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Justin Leyba
Columbia College
on Jan 25, 2010 at 3:29:56 am

Hey guys! Do you guys think that columbia college chicago is the best school to go to get my film major?
They have a lot of famous alumni too. Should I take Directing or Cinematography? hmmm...

btw, i'm from chicago so that's not far away.


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Mark Suszko
Re: Columbia College
on Jan 26, 2010 at 4:33:28 am

I went to Loyola, and we were always envious of Columbia's program and resources. Loyola had a better radio station, though:-) Don't forget that Northwestern has a film program as well, and frankly I don't think you can really go wrong between the two of them; just go thru their online syllabi and see which ones offer more of what turns you on personally, which suits the niche or subset of the business that energizes you. Because without a real passion to keep you going, against all odds, the failure rate for media grads is high.

My experience about any of the schools is out of date, but my feeling used to be that Northwestern's grads all wanted to be MFA's and teach, or work the famous j-school for a news/PR/advertising career, and Columbia's guys always struck me more as roll-up-the sleeves below-the-line practical film making types, the scrappy indie types who will do anything to get to work on somebody's film. Very motivated kids, very motivated program. I recall that Columbia students seemed to get a lot of opportunities to work on productions that come to town, and get a lot of guest speakers/instructors in their classes. I just haven't followed what Northwestern's been doing, they may be just as good in their own way but it may be they just don't have as good a PR department.

And now my standard digression for this topic.

There are film schools and there are tech schools. Good people can come out of either of those, but my own opinion is that too many of the tech school kids come out knowing what buttons to push on the currently popular software, but not when, why, or how to push them. To use them to tell a story well. They may know how to build a complicated special effect, but can they match action, can they shoot good coverage and know where to cut to the close-ups for best effect... do they know what to say to an actor to get them to give the result you want, much less, something more. Have they developed an eye, a personal style, things along those lines. If you already picked up craft and aesthetics elsewhere, the tech school route is a good quickie way to brush up on some hardware and get you out there looking for gigs in a hurry. But beware, because there are a lot of "instant" film schools that may only offer you the illusion of making you ready and getting you placed. Just holding a certificate in your hand is no guarantee at ALL that you can find or get work. That diploma or certification is just the welcome mat at the bottom of a long flight of stairs, and you still have to climb those yourself.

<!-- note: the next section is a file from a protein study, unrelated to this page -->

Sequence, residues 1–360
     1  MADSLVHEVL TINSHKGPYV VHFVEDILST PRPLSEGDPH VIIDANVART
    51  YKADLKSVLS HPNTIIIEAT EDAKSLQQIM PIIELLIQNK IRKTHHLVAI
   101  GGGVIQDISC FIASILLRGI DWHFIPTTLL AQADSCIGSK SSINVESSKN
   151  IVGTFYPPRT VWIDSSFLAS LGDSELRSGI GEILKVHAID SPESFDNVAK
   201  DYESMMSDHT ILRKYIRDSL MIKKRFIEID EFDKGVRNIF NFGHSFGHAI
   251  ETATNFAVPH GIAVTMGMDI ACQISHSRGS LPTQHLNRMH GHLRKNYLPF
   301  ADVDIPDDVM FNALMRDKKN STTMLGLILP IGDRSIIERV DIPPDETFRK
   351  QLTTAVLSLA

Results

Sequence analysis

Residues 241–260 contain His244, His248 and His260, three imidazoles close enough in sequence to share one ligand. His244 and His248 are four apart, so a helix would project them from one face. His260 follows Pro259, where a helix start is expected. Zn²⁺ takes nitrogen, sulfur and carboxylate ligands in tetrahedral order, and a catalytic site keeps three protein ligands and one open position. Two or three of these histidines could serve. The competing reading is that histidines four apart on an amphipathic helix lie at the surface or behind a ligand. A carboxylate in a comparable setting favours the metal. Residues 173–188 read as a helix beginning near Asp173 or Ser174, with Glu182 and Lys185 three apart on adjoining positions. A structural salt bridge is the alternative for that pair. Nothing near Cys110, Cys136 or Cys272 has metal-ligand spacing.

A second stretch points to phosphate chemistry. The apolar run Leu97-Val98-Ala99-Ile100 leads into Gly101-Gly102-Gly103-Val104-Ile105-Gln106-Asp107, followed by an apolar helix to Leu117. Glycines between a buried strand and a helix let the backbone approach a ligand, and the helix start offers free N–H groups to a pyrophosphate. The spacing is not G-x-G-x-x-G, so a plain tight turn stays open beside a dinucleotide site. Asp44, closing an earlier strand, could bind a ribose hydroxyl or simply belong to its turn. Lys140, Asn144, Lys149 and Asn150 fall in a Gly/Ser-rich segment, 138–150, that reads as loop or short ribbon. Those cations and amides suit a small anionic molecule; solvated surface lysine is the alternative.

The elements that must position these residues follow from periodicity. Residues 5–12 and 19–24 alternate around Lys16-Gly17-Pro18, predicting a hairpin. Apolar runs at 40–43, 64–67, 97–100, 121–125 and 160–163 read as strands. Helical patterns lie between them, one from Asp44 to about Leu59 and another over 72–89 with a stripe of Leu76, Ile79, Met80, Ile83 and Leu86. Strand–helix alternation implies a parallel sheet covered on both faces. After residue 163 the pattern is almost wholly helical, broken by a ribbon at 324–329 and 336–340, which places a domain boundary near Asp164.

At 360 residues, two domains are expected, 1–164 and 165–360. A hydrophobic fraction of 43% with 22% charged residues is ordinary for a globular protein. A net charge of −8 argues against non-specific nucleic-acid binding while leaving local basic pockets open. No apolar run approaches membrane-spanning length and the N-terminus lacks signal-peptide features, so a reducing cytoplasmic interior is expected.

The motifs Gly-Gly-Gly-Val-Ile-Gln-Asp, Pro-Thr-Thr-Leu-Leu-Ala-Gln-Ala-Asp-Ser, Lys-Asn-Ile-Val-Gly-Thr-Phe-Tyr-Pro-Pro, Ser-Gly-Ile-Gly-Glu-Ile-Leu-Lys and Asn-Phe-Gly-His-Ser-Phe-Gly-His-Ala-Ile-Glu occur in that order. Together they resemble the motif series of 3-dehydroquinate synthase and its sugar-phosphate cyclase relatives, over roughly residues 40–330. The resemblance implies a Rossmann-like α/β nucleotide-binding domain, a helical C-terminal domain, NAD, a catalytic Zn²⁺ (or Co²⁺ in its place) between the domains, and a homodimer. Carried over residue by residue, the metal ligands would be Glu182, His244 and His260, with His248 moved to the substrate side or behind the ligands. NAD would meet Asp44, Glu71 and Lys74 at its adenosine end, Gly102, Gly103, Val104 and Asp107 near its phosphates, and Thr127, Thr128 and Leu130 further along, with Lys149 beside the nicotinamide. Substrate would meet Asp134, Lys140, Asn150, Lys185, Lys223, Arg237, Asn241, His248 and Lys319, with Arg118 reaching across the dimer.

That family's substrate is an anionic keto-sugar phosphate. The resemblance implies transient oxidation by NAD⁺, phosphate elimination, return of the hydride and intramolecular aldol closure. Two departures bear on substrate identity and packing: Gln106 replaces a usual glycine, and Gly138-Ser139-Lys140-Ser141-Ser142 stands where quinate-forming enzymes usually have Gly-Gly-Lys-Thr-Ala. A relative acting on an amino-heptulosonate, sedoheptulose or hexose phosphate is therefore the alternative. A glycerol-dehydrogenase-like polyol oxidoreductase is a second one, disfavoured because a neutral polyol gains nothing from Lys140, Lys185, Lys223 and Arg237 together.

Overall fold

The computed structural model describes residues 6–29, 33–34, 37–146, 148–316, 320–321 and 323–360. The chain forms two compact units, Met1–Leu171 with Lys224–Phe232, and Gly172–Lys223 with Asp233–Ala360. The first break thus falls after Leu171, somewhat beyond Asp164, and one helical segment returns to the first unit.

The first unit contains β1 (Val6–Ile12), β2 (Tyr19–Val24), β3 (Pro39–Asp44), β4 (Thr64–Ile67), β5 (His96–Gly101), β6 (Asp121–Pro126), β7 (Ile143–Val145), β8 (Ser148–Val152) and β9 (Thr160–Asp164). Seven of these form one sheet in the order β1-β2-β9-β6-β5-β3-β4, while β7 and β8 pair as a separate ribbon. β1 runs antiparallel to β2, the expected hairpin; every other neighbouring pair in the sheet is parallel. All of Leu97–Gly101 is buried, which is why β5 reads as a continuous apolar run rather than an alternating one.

On the other side there are some schools where they spend all their time on theory, and the instructor may not have shot anything in a decade. To make the most of those places, you have to really push yourself to take as much advantage as possible of any internships and practicum work and outside gigs as you can find, so you can see how theory fits into actual practice. It doesn't always, or it does, but not in ways that are always obvious.

In either case, academy or vocational classes, you should be spending every free weekend shooting or editing something, building a reel the whole time, and making fiends and contacts, building a network. Never count on the school to get you work, though that's fine if they do. You need to always carry your destiny in your own hands.

I think it is useful to take liberal arts courses to develop yourself as a Whole Person, as well as to train you in "learning how to learn". It makes you adaptable for an uncertain future. But that isn't all. Don't forget that one of the most vital courses you should take, as a film maker, will be a business course in accounting and/or marketing. It is said a true, successful film maker doesn't need to own a camera or anything but a phone and internet access. Because your film doesn't get MADE, and it doesn't get SHOWN, unless you can first find financing and distribution. You need to be able to work people and work numbers to get your vision completed. Or resign yourself to having all your screenings in your mom's basement, seen by family and friends and nobody else.

Learn those business skills at the same time you learn your aesthetics and craft. Or learn them in a much harder way, later.


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Justin Leyba
Re: Columbia College
on Jan 31, 2010 at 7:03:06 pm

Now I'm choosing if i'm going to columbia college chicago? or northwestern U?


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Mark Suszko
Re: Columbia College
on Feb 4, 2010 at 9:47:25 pm

"If you choose not to decide, you still have made a choice."


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